Eating up to a whopping 2,500 kilograms (5,500 pounds) of food every day, one of the world’s largest animals has an equally large appetite to boot.
Humpback whales (Megaptera novaeangliae) off the northeastern coast of Canada’s Vancouver Island have found a way to make their food come to them. Known as “trap-feeding”, a humpback whale suspends itself at or just below the surface with its mouth open for at least four seconds, allowing surface water to pool in their mouth. Fish fleeing from dive-bombing seabirds mistake these “ponds” for a safe haven as the whale helps shepherd them along using its pectoral fins. The whale then snaps its jaw shut just in time for a healthy meal of krill, herring, and other small planktonic sea animals.
In 2011, two humpback whales were confirmed to use this “trap-feeding” strategy in this area. Just four years later, that number jumped to 16, suggesting this technique could be a “culturally transmitted foraging innovation that provides an energetically efficient method of feeding on small, diffuse prey patches.”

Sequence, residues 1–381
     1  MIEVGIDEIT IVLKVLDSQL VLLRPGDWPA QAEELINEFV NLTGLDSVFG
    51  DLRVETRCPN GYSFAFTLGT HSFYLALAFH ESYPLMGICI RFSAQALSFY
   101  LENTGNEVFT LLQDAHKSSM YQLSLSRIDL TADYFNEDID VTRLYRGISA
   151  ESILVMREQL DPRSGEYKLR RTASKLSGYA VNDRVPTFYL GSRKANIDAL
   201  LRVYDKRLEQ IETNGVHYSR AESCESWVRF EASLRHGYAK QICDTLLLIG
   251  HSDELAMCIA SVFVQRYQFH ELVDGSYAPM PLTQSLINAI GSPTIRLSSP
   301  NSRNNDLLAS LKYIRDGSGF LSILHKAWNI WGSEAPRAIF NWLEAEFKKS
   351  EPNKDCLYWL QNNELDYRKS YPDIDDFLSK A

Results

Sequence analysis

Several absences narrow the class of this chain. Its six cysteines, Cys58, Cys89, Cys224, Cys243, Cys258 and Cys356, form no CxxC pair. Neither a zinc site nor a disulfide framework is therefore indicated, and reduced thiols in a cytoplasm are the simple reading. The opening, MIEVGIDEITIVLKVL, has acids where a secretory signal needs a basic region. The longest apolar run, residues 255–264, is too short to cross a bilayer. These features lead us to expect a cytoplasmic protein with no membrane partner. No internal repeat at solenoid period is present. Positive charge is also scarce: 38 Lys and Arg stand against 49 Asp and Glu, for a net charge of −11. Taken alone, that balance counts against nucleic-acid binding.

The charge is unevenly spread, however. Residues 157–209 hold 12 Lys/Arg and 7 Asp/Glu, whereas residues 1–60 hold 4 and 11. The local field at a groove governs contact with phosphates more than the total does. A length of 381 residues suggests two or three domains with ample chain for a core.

Molly Zaleski, a marine biologist who was not involved in the study, has been studying whales and marine ecosystems in neighboring Southeast Alaska and Prince William Sound for several years. She says that she has not observed whales doing this type of “trap-feeding” in Alaskan waters, but is excited to learn about this new technique nonetheless.
“I know other whales show learned feeding and foraging behaviors that are specific to certain areas,” said Zaleski to IFLScience. “For example, sperm whales seem to be teaching each other how and when to target longline vessels because they can pick sablefish off the line as an easy meal.”
Writing in Marine Mammal Science, the authors note that the ability of individual whales (and their broader populations) can depend on physiology, as well as their ability to respond to their external environment, like changing numbers, availability, distribution, or behavior of prey.
The bus-sized humpback whales are generalist predators known to partake in a variety of feeding behaviors, like the dramatic lunge-feeding strategy or fairy-tale-sounding bubble-feeding technique. This newly observed strategy could be in response to environmental pressures. Humpback whale populations off Canada’s west coast were severely depleted by commercial whaling until it was banned more than 40 years ago.
“Innovative foraging strategies arise when an individual invents a new feeding behavior or modifies a behavior that is already in use in a population. These new strategies can then be transferred to other individuals within the population, a process that can occur through social or asocial learning,” wrote the authors, adding that this type of learned behavior has been observed in other mammals, birds, and even fish.
Today, humpback whale populations continue to bounce back with some populations being delisted from the Endangered Species Act.